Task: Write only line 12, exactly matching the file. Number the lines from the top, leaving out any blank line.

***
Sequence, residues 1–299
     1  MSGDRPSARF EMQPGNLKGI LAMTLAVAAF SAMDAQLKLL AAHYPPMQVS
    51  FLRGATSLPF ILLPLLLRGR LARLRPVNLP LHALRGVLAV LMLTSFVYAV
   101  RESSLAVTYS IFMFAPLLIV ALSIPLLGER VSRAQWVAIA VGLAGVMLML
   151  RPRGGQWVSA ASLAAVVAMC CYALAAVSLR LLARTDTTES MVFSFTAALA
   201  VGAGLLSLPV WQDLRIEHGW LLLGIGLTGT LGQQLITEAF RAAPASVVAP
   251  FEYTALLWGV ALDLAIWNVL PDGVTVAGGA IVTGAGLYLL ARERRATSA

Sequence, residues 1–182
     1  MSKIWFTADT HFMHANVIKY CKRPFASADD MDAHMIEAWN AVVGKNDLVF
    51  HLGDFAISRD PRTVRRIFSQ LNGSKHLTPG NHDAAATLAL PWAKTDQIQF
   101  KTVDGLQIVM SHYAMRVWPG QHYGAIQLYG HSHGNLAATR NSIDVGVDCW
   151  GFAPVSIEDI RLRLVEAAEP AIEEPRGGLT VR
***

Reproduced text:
   151  GFAPVSIEDI RLRLVEAAEP AIEEPRGGLT VR